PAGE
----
03.27.12 12:00 PM ET
Nothing For You, Sonny
Stephen Marche writes in Esquire about how young people in America are getting the short end of the stick when it comes to how the government spends its money:
The youth vote still supports Obama, but in a chastened, conditional way. In hindsight, Obama's 2008 campaign looks like an indulgent fantasy in which the major conflicts in life simply don't exist. There may be no white America and no black America, no blue-state America and no red-state America, but one thing is clear: There is a young America and there is an old America, and they don't form a community of interest. One takes from the other. The federal government spends $480 billion on Medicare and $68 billion on education. Prescription drugs: $62 billion. Head Start: $8 billion. Across the board, the money flows not to helping the young grow up, but helping the old die comfortably. According to a 2009 Brookings Institution study, "The United States spends 2.4 times as much on the elderly as on children, measured on a per capita basis, with the ratio rising to 7 to 1 if looking just at the federal budget."
Even labor unions don't expect much to improve:
The nature of the generational setback for unionized labor can be summed up in a single devastating phrase: New workers will earn a "globally competitive wage." Manufacturing jobs, having been exported to the Third World, are now returning to America at Third World rates. Newer workers at unions across the country earn ten to fifteen dollars an hour less than established workers, and the unspoken but widely reported understanding with the AFL-CIO is that the wage of these workers will not increase. In other words, Boomer workers make almost double what their young counterparts do, and will continue to do so regardless of how long a young worker stays in the same job. As one older worker in one of these bifurcated factories told The New York Times, by the time the young reach their maximum earning, their elders "won't be here any longer to remind them of what they are missing."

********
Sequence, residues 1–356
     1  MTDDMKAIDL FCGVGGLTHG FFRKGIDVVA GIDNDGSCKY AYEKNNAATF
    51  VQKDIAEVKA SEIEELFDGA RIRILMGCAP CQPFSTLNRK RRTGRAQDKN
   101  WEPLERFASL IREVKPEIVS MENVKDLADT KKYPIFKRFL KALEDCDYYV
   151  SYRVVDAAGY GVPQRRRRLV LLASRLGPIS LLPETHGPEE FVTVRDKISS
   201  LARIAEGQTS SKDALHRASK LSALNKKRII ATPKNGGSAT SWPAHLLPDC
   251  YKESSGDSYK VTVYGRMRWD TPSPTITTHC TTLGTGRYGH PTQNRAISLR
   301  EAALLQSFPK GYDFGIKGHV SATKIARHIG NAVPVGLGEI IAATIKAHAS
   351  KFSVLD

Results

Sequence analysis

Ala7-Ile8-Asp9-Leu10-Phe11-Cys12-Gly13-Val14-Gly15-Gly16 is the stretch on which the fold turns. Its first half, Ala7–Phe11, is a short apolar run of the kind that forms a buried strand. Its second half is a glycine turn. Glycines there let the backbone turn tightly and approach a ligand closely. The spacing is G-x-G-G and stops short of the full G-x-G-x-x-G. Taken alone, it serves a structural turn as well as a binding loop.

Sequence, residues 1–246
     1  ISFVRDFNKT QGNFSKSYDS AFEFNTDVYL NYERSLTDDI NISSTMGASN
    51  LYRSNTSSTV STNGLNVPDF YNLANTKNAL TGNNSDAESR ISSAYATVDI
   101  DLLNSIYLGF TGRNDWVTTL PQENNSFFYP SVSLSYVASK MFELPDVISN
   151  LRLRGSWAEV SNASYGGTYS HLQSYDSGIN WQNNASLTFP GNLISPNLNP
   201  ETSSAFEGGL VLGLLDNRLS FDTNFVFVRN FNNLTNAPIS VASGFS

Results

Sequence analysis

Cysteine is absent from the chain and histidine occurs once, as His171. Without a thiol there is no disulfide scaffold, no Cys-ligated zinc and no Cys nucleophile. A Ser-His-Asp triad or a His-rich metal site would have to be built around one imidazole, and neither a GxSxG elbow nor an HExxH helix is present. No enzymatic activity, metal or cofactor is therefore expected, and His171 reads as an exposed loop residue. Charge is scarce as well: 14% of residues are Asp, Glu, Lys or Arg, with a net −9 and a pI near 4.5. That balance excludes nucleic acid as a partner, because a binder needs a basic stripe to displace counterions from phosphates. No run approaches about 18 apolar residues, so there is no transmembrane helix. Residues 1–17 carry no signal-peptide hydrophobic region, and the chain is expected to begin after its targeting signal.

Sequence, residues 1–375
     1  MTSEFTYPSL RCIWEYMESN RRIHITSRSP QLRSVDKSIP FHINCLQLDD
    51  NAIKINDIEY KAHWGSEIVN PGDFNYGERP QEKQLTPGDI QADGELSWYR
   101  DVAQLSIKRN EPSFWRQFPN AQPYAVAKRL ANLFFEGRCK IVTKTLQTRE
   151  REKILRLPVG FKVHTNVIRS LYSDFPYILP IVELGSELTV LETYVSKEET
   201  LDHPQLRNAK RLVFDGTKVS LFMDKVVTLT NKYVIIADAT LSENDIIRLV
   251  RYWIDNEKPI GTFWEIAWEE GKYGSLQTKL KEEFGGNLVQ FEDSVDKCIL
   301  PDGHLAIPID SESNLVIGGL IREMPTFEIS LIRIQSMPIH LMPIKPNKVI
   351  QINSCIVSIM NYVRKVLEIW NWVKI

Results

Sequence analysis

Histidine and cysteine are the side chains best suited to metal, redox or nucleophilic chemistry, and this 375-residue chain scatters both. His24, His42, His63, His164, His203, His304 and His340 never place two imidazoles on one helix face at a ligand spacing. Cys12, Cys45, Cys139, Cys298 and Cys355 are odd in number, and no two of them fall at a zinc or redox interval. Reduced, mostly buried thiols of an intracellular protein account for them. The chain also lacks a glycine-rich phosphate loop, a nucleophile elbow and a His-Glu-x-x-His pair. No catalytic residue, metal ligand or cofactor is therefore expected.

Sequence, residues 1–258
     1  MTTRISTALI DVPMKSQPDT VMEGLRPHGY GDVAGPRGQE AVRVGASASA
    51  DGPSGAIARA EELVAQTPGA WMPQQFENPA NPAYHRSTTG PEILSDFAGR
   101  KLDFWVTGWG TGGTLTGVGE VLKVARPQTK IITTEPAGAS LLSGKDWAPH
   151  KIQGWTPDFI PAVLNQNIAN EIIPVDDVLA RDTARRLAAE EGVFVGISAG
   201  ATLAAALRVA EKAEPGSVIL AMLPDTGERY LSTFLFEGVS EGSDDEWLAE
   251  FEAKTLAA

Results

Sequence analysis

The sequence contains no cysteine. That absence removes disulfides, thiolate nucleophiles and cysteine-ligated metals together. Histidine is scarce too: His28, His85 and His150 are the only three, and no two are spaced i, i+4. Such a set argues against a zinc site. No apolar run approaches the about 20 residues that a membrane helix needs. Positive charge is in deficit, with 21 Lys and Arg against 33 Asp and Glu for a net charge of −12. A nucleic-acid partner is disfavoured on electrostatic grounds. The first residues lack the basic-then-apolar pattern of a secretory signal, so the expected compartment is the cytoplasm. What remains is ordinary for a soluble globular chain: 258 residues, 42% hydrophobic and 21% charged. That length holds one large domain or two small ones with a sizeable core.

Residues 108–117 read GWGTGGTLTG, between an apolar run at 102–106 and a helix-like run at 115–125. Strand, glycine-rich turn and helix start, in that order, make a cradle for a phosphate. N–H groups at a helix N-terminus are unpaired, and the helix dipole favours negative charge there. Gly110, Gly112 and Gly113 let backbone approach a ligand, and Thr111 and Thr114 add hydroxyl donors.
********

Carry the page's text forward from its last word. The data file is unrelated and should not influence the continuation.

In the interest of pointing out that this is not just an American problem, the story also has a side-bar which shows this is happening globally:
A generation now means an economic cohort — a moment in the cycle of rising and (mostly) falling economic data. The UK has 21.8 percent youth unemployment, France 22.8 percent, Hungary 26.1 percent, Italy 28.2 percent, Spain 47.8 percent. Around the world, young people are beginning to be defined by their unemployment: the mileuristas of Spain, "those who earn less than a thousand euros"; the NEETs of England, "not in employment, education, or training"; the hittistes of Tunisia, "those who lean against the wall." Revolutions or unmanageable riots have inevitably followed the rise of masses of bored, underemployed young people.
As someone who is living out parts of this story, it's striking how many young people have not put all the elements together. Many young people instinctively know the first part: they feel an increased sense of pressure and frustration with their job prospects and career options.
There is less common awareness of the second part: the extent to which the American fiscal state is directing its resources to subsidize the oldest (and least productive) members of society.
Speaking for myself, I suspect the American political system is too slow to really change its priorities and redirect its focus on my generation, but there is always time to refocus on the next one. We now know that the first two years of life are the most consequential for child's development. I would consider reduced Medicare spending now coupled with an increase in efforts to ensure adequate early childhood nutrition to be a successful policy trade-off.
Or we can just make the Ryan Budget law and protect the baby boomers with a firewall to preserves their benefits.
The question will be: how long can an arrangement like that last before the side which knows it is getting the raw deal protests it?